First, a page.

Tuesday, December 21, 2010


Mammal watching has never achieved the popularity of bird watching for at least one reason: most mammals are nocturnal. Not only are most of them small and brown, but you can’t even see them! Mammalogists survey mammals by trapping them, netting them, looking for their tracks and scat, etc. Their survey methods don’t usually include walking around with a pair of binoculars on a nice, sunny day in spring.

But there are exceptions. Some mammals are much more visible than others, primarily because they are diurnal. These include many of the large grazing and browsing hoofed mammals (ungulates), the cute pikas of western mountains, and the squirrels. The Pacific Northwest is abundantly provided with squirrels, encompassing the taxonomic range of the squirrel family: flying squirrels, tree squirrels, ground squirrels, marmots, and chipmunks.

Chipmunks come close to being birdwatchers’ mammals. They are active during the day, with an emphasis on the “active,” they are brightly marked, they are territorial, they vocalize frequently, and they come readily to bird feeders. They vary from very shy to very inquisitive, even tame where they encounter people regularly. They are still basically brown, but their conspicuous stripes make them easily recognizable as chipmunks.

These small squirrels are usually associated with rock piles and fallen logs, where they nest. They forage on the ground and in shrubs, sometimes ascending well up into the trees. Hyperactivity describes them best, as they move jerkily along with tail cocked up into the air. When disturbed, they dart into cover, appearing some distance away for another look at the disturbance.

Basically seed eaters, chipmunks will take anything that comes along, including fruits, fungi, and arthropods. They are accomplished nest robbers. taking bird eggs whenever they can find them. During the fall, they busily gather seeds in cheek pouches and cache them in their protected nests. They can then hole up for the winter and feast on these caches without leaving their protected shelter. Caches can contain tens of thousands of seeds.

Most western states have several species of chipmunks; Washington has four. The most common and widespread species in Washington is the Yellow-pine Chipmunk (Tamias amoenus), so named because it is common in the ponderosa (or yellow) pine zone east of the Cascade Mountains crest. Absent from the dense forest of the western lowlands and mid elevations in the mountains, it is again common in the subalpine-alpine zone of the Cascades and Olympics. It is easily seen by hikers in the high country and drivers through almost any of the interior national forests. It is at home in trees, ascending high into pines to forage for the seeds.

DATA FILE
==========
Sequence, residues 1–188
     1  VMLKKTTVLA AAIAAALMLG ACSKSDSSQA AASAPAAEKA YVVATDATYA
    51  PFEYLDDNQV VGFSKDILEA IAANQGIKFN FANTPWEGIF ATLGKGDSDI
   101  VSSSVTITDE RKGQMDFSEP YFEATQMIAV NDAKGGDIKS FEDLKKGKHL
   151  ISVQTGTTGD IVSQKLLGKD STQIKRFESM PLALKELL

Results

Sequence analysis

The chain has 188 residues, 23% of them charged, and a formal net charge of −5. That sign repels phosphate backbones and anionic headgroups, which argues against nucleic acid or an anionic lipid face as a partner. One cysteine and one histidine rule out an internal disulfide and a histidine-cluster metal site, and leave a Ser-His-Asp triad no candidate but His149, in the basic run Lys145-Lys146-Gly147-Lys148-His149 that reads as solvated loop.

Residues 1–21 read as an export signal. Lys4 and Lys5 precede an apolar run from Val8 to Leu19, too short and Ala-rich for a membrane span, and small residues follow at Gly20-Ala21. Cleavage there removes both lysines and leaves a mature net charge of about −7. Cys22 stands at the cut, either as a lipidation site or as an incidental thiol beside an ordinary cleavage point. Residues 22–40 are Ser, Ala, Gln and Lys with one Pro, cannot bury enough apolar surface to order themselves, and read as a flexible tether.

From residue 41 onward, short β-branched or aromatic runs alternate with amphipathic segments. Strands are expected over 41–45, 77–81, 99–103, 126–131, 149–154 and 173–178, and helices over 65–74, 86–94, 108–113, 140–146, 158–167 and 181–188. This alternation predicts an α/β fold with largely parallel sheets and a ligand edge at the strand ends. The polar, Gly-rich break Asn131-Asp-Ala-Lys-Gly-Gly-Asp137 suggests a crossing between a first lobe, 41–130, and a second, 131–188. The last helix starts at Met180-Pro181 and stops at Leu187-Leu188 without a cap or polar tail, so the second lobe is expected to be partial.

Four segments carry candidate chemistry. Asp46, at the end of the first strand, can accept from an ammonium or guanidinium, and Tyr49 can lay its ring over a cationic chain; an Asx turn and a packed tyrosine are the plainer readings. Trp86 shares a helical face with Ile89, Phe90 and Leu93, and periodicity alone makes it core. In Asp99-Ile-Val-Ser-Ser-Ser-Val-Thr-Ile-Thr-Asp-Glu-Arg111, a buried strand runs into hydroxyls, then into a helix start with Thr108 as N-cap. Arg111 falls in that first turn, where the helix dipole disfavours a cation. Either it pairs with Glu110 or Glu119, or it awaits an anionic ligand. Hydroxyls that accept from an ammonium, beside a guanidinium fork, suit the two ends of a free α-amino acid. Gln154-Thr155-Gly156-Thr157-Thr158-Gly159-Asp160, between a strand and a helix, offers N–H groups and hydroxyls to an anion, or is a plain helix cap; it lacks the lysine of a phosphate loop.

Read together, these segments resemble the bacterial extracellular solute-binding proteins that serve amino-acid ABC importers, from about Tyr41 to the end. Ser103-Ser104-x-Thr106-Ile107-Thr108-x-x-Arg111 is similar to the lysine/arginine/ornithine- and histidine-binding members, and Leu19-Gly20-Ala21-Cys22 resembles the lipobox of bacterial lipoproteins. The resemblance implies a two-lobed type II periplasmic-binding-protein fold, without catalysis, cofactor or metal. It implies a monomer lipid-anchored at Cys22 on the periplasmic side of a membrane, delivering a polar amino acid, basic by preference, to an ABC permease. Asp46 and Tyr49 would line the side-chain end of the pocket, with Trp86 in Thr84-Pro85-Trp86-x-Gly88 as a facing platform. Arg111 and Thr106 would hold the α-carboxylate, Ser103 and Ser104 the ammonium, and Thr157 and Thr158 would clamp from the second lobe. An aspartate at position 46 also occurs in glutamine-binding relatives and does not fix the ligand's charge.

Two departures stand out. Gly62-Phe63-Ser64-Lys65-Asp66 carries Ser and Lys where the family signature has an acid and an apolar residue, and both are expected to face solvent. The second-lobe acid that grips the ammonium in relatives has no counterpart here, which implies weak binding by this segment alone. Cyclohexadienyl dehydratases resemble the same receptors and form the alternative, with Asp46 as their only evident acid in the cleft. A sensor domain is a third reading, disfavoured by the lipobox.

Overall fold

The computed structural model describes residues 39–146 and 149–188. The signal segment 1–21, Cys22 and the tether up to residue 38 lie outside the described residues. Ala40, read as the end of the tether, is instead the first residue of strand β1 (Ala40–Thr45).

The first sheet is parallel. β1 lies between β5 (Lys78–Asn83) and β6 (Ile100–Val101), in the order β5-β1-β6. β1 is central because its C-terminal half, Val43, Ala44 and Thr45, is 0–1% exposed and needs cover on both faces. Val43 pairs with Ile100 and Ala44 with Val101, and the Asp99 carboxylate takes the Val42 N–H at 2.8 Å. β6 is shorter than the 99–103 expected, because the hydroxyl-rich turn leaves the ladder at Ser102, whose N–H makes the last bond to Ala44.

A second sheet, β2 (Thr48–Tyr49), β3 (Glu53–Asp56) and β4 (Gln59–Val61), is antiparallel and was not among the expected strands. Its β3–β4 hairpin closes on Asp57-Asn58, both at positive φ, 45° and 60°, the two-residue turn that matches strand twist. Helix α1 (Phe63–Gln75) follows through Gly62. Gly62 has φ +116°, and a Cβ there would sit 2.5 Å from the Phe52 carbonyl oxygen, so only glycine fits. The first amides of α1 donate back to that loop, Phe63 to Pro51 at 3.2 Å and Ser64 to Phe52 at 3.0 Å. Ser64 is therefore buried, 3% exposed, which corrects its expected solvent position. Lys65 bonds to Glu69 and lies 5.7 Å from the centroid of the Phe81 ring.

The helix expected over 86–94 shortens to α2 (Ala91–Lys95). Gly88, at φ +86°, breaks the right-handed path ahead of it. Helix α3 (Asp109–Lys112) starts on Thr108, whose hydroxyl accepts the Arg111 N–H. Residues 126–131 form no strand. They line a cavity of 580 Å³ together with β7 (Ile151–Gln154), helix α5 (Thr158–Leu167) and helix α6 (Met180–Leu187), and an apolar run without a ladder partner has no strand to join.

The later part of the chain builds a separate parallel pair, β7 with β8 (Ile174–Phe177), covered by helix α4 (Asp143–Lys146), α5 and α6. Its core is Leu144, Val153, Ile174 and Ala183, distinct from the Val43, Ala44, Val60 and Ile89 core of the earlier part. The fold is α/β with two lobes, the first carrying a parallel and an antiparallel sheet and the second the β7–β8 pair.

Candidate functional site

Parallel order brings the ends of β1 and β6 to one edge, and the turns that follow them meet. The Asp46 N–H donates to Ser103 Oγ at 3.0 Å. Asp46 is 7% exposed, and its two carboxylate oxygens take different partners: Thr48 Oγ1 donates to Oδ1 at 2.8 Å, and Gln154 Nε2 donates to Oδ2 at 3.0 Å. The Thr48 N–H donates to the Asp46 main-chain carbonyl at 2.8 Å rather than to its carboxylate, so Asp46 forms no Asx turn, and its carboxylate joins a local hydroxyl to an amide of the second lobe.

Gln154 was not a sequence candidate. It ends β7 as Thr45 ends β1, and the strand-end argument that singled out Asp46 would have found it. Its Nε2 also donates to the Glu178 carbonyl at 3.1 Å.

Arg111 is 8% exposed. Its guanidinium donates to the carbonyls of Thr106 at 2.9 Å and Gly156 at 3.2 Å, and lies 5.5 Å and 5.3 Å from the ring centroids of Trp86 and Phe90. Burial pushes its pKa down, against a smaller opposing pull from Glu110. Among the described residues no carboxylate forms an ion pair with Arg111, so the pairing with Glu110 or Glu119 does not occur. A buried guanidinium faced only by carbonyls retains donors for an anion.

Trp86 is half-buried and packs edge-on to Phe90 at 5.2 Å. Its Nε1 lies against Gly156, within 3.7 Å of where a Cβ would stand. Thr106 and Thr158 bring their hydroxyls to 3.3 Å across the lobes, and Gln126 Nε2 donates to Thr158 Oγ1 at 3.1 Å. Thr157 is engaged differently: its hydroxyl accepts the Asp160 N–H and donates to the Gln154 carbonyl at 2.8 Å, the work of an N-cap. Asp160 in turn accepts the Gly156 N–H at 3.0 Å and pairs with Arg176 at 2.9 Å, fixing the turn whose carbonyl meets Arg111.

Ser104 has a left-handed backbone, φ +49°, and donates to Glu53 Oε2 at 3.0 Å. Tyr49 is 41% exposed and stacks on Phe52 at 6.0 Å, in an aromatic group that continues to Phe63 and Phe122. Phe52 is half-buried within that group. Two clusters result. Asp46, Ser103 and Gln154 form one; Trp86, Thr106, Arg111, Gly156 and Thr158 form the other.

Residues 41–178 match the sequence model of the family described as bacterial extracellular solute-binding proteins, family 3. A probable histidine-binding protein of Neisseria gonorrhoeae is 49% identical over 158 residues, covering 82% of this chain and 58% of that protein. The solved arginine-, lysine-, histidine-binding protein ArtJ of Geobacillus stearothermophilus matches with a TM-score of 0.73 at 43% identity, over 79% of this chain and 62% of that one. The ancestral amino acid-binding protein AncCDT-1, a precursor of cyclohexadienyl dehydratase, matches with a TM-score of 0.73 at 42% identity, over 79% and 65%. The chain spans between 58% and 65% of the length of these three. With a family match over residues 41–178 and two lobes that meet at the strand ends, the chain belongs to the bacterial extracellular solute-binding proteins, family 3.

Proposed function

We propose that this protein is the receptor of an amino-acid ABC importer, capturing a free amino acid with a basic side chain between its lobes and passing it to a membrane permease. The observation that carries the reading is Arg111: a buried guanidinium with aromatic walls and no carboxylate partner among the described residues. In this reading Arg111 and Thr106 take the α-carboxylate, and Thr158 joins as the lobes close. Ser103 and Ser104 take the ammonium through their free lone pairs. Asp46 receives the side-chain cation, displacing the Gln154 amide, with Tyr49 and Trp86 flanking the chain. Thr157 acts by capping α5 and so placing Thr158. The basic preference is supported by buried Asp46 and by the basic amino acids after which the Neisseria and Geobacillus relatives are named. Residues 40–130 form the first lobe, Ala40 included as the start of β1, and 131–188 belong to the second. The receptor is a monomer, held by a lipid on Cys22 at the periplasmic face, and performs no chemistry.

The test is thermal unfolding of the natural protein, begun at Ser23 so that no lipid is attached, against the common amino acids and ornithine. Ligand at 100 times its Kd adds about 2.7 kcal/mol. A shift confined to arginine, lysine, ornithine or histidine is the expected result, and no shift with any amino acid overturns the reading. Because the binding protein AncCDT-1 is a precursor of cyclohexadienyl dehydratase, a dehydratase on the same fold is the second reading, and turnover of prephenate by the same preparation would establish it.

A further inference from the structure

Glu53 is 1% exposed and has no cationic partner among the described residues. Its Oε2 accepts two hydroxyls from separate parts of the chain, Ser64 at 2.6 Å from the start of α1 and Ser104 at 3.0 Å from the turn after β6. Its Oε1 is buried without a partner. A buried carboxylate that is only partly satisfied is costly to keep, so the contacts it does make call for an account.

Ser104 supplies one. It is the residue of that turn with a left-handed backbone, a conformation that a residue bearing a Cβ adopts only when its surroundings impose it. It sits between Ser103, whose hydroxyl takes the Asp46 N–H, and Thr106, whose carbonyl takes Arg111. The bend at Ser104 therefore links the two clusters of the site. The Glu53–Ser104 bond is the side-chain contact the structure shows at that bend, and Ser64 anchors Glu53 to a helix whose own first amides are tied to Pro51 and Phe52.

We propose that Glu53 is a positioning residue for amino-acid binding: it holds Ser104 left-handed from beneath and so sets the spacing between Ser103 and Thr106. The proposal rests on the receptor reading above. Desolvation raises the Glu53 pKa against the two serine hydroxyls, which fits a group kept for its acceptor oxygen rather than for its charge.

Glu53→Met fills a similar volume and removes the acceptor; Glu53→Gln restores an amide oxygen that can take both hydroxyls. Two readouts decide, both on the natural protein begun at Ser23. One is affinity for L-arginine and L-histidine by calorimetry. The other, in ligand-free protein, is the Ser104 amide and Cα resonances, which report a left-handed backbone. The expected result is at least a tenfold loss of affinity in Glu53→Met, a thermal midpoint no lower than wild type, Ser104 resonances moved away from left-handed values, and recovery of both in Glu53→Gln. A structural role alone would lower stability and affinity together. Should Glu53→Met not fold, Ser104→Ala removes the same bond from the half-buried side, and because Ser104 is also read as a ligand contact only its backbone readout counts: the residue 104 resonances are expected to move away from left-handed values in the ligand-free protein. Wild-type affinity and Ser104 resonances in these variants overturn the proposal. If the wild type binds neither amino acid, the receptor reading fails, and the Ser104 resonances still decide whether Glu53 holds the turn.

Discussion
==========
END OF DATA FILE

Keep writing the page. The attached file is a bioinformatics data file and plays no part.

The Red-tailed Chipmunk (Tamias ruficaudus) looks about like the Yellow-pine but is slightly larger and longer tailed, and the tail is more intense reddish below. It occurs in the mountains of far northeastern Washington, in Stevens, Pend Oreille, and northern Spokane counties. Its habitat zone is the montane conifer forest and open subalpine zone above that, mostly above the elevation range of the Yellow-pine.

This species would not have been separated from the Yellow-pine but for its copulatory organ. Rodents have a bony structure in the penis called the baculum, and this structure differs among different species of chipmunks. That of the Red-tailed is distinctly longer than that of the Yellow-pine. I have not read of any structural characteristics that differentiated the females!

The largest Washington chipmunk is the Townsend’s (Tamias townsendii), restricted to the forested western lowlands and similar dense habitats up to treeline in the Olympics and Cascades. It occurs in both forested and open (e.g., clear cuts) microhabitats. It is not found in the more open ponderosa pine woodlands below the wet conifer forests on the east side. In addition to being larger and darker, not as brightly marked, it differs from all the other species in not having a clearly defined dark stripe extending from nose to eye. This and the Yellow-pine often occur together in ecotones between open alpine or ponderosa pine habitat on one side and dense conifer forest on the other. Washington Pass is one such location.

Finally, the Least Chipmunk (Tamias minimus) is restricted to sagebrush habitats in the southern part of the Columbia Basin. It is a smaller species, generally paler and grayer than the others, with the back stripes brown instead of blackish and very little reddish or brown color anywhere. It overlaps with Yellow-pine where sagebrush, grassland, and ponderosa pine come together. Least Chipmunks occur at higher densities than the other species, and one place to see this is at the Ryegrass rest stop east of Ellensburg on eastbound I-90. It is full of Least Chipmunks most of the year, gathering by the dozens at the feast of sunflower seeds put out by DOT employees.